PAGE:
Cuts To Head Start Programs Coming Soon To Northeast Missouri – Kahoka Head Start Closing

Cuts To Head Start Programs Coming Soon To Northeast Missouri - Kahoka Head Start Closing

NMCAA – Northeast Missouri Community Action Agency’s Head Start Program will begin feeling the impact of the Sequestration and Health Care Reform beginning Aug. 1, 2013.

Starting with its new grant year, NMCAA’s Head Start Program will need to shave $106,812 (5.27%) from its budget as well as redirect $175,500 for health care coverage for those employees working at least 30 hours per week. In order to balance the budget, eight employees will lose their jobs and 46 families will lose Head Start services. These are children and families with the greatest need of pre-school programs.

Northeast Missouri Community Action Agency provides services to low-income families in five counties in northern Missouri—Adair, Clark, Knox, Schuyler and Scotland. These services strive to remove barriers to economic self-sufficiency. One of these services is Head Start, which provides developmental screenings and assessments, medical and dental services, and home visits designed to support the families. “The first step in keeping people out of poverty and creating a stronger community is to invest in children,” said Penny Miles, NMCAA Executive Director. “These cuts adversely affect our children at the most crucial time of their development.”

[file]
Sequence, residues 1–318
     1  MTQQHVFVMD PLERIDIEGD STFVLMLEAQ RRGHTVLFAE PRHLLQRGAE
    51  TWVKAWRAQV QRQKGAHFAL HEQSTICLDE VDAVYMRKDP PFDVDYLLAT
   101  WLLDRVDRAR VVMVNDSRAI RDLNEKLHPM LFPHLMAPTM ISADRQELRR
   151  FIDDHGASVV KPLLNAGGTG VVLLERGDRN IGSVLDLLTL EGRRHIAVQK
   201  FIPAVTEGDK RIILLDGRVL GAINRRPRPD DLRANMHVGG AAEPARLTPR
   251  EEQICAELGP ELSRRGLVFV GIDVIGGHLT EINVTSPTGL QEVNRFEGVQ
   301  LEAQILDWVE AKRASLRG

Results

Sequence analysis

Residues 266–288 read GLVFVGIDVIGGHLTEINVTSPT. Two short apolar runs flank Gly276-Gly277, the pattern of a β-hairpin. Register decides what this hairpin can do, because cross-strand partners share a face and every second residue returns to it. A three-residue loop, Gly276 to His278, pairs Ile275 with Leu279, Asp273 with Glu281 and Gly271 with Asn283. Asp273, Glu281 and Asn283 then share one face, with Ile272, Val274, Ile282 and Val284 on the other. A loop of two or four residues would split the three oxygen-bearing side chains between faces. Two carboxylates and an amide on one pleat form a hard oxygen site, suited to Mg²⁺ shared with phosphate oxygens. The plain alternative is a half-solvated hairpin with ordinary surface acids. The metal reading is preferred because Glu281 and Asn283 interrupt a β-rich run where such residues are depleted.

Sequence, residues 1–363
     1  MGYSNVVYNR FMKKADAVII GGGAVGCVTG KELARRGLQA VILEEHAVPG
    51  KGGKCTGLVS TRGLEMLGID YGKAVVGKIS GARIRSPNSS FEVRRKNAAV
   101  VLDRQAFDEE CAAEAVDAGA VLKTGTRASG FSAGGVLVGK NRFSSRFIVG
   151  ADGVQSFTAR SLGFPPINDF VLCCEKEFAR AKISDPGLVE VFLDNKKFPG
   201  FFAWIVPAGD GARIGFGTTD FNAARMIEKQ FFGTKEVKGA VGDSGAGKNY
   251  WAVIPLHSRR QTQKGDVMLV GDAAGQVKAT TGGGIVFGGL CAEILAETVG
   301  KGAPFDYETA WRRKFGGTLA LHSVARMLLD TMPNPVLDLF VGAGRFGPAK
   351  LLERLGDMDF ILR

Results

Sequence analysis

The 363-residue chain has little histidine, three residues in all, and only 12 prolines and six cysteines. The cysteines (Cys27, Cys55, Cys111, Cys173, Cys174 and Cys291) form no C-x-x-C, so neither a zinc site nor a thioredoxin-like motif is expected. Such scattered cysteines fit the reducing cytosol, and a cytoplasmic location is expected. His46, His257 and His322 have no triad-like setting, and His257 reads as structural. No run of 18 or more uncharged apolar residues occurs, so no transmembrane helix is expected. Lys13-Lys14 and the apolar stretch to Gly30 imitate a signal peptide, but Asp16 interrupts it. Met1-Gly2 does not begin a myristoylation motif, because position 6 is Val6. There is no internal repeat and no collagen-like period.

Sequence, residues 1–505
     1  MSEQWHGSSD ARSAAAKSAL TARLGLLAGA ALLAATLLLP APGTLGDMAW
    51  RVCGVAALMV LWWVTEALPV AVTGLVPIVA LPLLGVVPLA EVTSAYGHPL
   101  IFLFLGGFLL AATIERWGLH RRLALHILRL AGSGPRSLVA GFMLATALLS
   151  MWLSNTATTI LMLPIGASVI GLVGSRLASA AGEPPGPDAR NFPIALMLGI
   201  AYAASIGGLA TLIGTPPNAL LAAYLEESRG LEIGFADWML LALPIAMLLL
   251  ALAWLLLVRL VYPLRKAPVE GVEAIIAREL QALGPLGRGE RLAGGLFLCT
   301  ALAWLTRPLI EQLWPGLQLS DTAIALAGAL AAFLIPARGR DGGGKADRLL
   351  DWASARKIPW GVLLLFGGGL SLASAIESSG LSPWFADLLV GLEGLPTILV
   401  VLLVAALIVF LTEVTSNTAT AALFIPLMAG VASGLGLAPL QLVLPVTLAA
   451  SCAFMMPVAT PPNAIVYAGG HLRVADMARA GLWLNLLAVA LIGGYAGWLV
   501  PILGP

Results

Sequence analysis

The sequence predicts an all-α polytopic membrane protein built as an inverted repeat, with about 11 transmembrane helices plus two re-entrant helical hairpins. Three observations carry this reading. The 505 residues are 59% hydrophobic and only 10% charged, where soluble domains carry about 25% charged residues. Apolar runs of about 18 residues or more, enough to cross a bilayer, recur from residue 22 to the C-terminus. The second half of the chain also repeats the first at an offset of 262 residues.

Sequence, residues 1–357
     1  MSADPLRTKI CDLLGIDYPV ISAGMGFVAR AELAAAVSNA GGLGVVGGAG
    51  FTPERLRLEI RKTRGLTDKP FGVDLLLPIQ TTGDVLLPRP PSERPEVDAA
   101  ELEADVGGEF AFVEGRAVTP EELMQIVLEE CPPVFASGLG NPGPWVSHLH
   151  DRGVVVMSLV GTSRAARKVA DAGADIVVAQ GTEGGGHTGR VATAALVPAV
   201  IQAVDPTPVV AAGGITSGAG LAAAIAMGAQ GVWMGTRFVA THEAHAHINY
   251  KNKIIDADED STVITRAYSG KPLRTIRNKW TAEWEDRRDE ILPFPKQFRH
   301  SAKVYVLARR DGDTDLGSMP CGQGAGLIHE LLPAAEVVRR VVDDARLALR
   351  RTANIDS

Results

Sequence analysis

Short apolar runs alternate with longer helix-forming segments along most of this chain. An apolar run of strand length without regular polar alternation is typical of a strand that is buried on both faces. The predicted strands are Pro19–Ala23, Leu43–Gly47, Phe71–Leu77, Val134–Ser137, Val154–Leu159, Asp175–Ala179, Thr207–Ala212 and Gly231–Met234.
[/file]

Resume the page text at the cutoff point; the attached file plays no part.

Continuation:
In order to meet the $282,312.00 deficit, NMCAA will be closing a center in Kahoka, Mo. Additionally, the Agency will be reducing the number of children who attend the Kirksville Part Day Center. The children from Kahoka will be transported to Wayland for classes. Kirksville Part Day, which is currently serving 78 children, will be reduced to 40 children. NMCAA currently has two sessions of Head Start in Schuyler County. That center will drop to just one session.

NMCAA was given the directive by the Office of Head Start that high-quality service and adherence to the Performance Standards be maintained and that the dictate of its Community Needs Assessment be followed. The Agency must accomplish this while operating at the same level of funding that was in place in 2006. If the Sequestration continues, NMCAA will be forced to downsize the program by 5 percent in each of the next nine years.

Head Start is just the beginning for NMCAA. This story will continue during all of the next year as new grant cycles begin. Additionally, this will affect local economies. As NMCAA funds decrease, the Agency will be buying less and using fewer services. The entire community will be affected.

“When members of Congress were directly affected by the problems the Sequestration caused to airline travel, they found a solution,” Miles said. “If we value our children, we should be able to find a way to help them when they need it the most.”